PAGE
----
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Students present WIRED in 24-hour whirlwind

By Elizabeth Zakaim
Arts & Entertainment Editor

The characters freeze in time during ‘Repeat Sign.’ (Natalie La Spisa / Staff Photographer)

After 24 hours of writing scripts, memorizing lines and losing sleep, the actors, directors and stage members were finally ready for their performance.

On Saturday, Oct. 14, members of the College’s theater programs, TCNJ Musical Theatre and All College Theatre, performed five shows, which they had only one day to put together.

As part of this fall’s WIRED, students began writing their scripts at 8 p.m. and finished at 4 a.m. Rehearsal started at 7 a.m. the next morning, all with the help of the arbiters, the head honchos, of the program.

The head arbiter of the event, junior English and secondary education major Katherine MacQueen, was responsible for making sure everything went smoothly behind the scenes during both rehearsal and opening night.

She and the arbiters were also responsible for adding different themes and twists to each story.

“We give them five twists throughout the night while they’re writing,” MacQueen said. “It makes all their shows a little quirky in some sort of way.”

While billed as a competition, there was much more motivating participants than just winning.

“It doesn’t matter because it’s WIRED,” said junior psychology major Kira Cohen of the relaxed and motivated atmosphere between her fellow cast and crew.

Cohen played Valerie in the first show, “Of Mice and Milkshakes,” a lighthearted production about high school students who time travel from the ’50s to 2017. She participated to form new friendships and memories, not to worry about getting everything perfect.

“The point is to get up there and enjoy the experience,” Cohen said, “not necessarily to learn your lines perfectly.”

The plot for each show was left under the discretion of each group’s scriptwriters, but with just a few exceptions –– each group had to integrate different plot twists and running themes throughout their performances.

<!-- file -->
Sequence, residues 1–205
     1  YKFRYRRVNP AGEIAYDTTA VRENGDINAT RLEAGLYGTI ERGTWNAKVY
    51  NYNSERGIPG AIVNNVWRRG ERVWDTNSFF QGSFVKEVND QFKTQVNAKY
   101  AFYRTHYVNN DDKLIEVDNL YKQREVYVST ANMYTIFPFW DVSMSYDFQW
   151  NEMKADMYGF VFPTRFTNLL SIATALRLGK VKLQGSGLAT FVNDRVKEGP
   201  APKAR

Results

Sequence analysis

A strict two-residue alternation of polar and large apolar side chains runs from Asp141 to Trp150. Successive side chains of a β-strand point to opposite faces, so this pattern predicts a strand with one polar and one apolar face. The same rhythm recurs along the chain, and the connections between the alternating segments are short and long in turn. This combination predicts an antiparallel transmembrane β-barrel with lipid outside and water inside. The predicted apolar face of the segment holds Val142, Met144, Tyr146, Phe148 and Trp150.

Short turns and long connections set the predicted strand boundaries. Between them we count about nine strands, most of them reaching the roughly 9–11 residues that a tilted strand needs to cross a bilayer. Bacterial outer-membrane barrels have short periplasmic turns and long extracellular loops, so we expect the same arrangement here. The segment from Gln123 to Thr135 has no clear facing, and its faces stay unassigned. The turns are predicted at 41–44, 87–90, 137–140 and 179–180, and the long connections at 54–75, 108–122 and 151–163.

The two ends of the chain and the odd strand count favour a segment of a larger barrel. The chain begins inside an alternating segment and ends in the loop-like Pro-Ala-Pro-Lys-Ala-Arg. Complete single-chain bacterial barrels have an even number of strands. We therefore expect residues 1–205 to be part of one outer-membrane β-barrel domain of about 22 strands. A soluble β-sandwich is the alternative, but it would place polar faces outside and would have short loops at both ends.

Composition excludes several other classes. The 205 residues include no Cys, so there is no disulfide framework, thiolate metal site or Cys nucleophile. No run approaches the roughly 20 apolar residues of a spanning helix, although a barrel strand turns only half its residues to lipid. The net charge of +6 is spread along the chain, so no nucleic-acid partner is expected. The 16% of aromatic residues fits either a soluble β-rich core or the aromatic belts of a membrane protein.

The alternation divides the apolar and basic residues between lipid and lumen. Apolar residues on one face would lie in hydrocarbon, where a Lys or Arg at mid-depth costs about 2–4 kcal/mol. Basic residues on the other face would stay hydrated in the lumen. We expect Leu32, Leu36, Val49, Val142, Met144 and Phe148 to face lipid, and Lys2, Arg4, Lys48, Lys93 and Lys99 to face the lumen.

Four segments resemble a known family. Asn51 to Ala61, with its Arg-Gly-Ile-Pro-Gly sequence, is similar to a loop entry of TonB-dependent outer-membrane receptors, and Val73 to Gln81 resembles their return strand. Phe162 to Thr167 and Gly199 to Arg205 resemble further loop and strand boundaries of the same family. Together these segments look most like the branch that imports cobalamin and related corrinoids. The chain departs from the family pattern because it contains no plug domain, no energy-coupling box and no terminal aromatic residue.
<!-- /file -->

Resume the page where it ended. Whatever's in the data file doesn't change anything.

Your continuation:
For instance, each script had to include and complete the phrase, “you’ve heard of Elf on the Shelf, but have you heard of…?”

This was done in a number of creative ways, some lewd and others silly.

During “Of Mice and Milkshakes,” which was directed by junior secondary education and math dual major Alyssa Fanelli, the young characters traveled through time from the shy days of the mid 1950s to the in-your-face attitudes of the College’s students of 2017. A stereotypical fraternity brother, Mick Jagger (played by senior junior communications studies and journalism and professional writing double major Benjamin Zander), hit on poor Barbara, an avid student from the 1950’s James Dean High.

“You’ve heard of Elf on the Shelf,” Mick Jagger said leaning toward her and wiggling his eyebrows, “but have you heard of hoe on a bro?”

Both the ’50s kids and the audience felt nothing less than scandalized. The feeling only grew more prominent when the audience, and Mick Jagger, learned that innocent Barbara was actually R. Barbara Gitenstein, future president of the College.

Each show engaged the crowd, either through humor, or by actually breaking down the metaphorical fourth wall in the midst of the performance.

During “Repeat Sign,” the fourth play of the night directed by junior communication studies major Gretchen Newell, the characters let the audience members decide how the play would end –– either happily or horribly. Even the actors hadn’t yet read the scripts to either ending.

The audience voted against the happy ending, but the scriptwriters obviously saw that coming. No WIRED production has ever ended badly, said senior chemistry major Eric Schreiber reading off of his script. And this one was no exception.

Each play brought its own quirks, whether it was the alien hiding from the FBI on a farm in Alabama in “Farms: The Final Frontier,” or the identity of the mysterious murderer in “The Golf Cart Killer.”

By the end of the night, cast and audience members alike were eager to learn the outcome of the competition.

Winners included senior communication studies major Lauren Vogel, as best stage manager, junior marketing major Paul Chukrallah, as best director and “Farms: The Final Frontier,” as best show.

“It was definitely hard earned this semester,” Chukrallah said. “Each show was so well realized and stood out in such unique ways.”

The experience was what he hoped it would be and more. Chukrallah has participated in WIRED since his freshman year and he’s enjoyed every minute.

“It’s easily one of my favorite parts of being at TCNJ,” he said. “I’m always happy to be surrounded by good friends and good theater.”


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